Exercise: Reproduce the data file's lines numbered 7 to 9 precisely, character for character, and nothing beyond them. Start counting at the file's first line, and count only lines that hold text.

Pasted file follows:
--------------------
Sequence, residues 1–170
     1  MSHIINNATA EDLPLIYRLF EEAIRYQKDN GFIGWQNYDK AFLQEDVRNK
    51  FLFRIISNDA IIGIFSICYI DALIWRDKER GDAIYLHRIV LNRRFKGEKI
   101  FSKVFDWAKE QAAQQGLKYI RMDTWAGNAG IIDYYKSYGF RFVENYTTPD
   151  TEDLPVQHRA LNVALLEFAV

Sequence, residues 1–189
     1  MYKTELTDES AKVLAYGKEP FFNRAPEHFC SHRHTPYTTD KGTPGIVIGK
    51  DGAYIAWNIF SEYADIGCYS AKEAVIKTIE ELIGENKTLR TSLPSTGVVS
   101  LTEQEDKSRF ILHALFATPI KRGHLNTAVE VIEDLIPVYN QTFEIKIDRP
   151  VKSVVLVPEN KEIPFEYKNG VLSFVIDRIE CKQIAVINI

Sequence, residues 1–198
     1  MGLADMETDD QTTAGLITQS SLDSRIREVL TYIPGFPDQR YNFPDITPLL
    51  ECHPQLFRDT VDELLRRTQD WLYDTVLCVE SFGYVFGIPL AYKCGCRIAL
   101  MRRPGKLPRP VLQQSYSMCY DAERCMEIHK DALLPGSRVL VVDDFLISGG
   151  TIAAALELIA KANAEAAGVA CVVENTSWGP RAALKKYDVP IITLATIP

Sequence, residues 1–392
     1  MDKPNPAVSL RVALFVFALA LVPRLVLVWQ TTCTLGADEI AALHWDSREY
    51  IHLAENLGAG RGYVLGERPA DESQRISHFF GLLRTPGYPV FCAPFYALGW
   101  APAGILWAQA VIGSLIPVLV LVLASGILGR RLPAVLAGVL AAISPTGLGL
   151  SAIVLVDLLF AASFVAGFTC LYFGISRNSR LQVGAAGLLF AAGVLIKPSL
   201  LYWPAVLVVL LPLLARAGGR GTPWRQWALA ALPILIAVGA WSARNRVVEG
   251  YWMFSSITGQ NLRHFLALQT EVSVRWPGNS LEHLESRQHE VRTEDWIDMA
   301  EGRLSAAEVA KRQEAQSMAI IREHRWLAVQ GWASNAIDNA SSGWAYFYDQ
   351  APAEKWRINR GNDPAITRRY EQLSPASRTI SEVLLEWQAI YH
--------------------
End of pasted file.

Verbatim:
     1  MYKTELTDES AKVLAYGKEP FFNRAPEHFC SHRHTPYTTD KGTPGIVIGK
    51  DGAYIAWNIF SEYADIGCYS AKEAVIKTIE ELIGENKTLR TSLPSTGVVS
   101  LTEQEDKSRF ILHALFATPI KRGHLNTAVE VIEDLIPVYN QTFEIKIDRP